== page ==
Google's Panda Updates Make SEO Easier
What if Google could read your mind?
What if every time you performed a search, you got exactly what you wanted the first time?
- No hotel results when you want to visit a local historic landmark
- No consultant sites when you want a writing template
- No recipe lists when you want a single recipe
Better yet, what if your web pages landed at the top of the results every time the information on them was exactly what the searcher needed? Those days are here.
Bringing new visitors to your website is now easier than it's been since the invention of the search engine.
Approximately once a month beginning in February 2011, Google has been releasing a series of changes—called Panda Updates—to its search algorithm. Using machine learning, the updates incorporate human value ratings into a website's ranking. If you ever wanted to do Search Engine Optimization (SEO) without a lot of experience or specialized knowledge, your time has come.
How does Panda work?
Panda is all about the user. Panda works by filtering out websites that provide a poor experience for their visitors.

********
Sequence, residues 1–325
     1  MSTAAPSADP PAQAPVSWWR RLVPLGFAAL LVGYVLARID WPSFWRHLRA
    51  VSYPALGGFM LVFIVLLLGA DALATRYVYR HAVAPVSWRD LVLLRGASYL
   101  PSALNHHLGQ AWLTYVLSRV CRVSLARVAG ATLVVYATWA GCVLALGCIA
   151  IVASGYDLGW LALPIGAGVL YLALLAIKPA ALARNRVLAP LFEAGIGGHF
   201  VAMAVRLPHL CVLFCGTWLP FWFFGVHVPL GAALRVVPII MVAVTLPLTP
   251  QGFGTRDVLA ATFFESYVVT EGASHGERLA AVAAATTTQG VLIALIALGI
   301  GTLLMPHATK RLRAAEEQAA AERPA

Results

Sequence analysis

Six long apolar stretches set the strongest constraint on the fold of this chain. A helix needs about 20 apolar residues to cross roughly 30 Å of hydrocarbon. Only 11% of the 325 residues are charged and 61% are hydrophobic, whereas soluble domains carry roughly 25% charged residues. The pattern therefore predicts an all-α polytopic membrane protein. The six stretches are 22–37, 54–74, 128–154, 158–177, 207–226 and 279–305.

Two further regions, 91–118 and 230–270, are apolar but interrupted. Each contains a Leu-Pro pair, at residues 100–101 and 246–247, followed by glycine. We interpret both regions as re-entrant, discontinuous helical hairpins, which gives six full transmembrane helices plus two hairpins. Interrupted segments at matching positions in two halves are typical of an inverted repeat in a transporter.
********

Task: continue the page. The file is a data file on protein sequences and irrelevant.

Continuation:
It's like commercial fishing. If the goal is a tasty salmon catch, the time it takes to remove ratfish from the trapnet costs the business money. Junk sites are the ratfish of the Internet: bottom feeders with a mushy, unpleasant taste. Panda learns from the sites that are "thrown back" by human raters, and adjusts the algorithm so that fewer and fewer of these are caught in the "net" on following searches.
Why should I care about algorithms?
At Five Q, we work primarily with non-profits and Christian ministries. If you're reading this, there's a good chance your website exists to change the world for the better.
People want answers to the burning questions of life. How can I be a better wife? Husband? Parent? Does God care about me? Why did my friend die? If you are grieving the death of a loved one, do you want a list of funeral homes or a thoughtful reflection on Psalm 23?
People want to contribute. They want opportunities to serve. If you see a homeless person on the street and want to help, do you need a social research paper or the address of a local shelter?
What are the "gotchas"?
Non-profits and Christian ministries are often short on resources, which means that website content can easily become stale and outdated because no one is available to keep it fresh and current. Sometimes a staff member will quickly drop a short paragraph or a list of links onto a page, planning to improve it later, and never get back to it. In the Panda world, these pages are a poison pill for the entire website.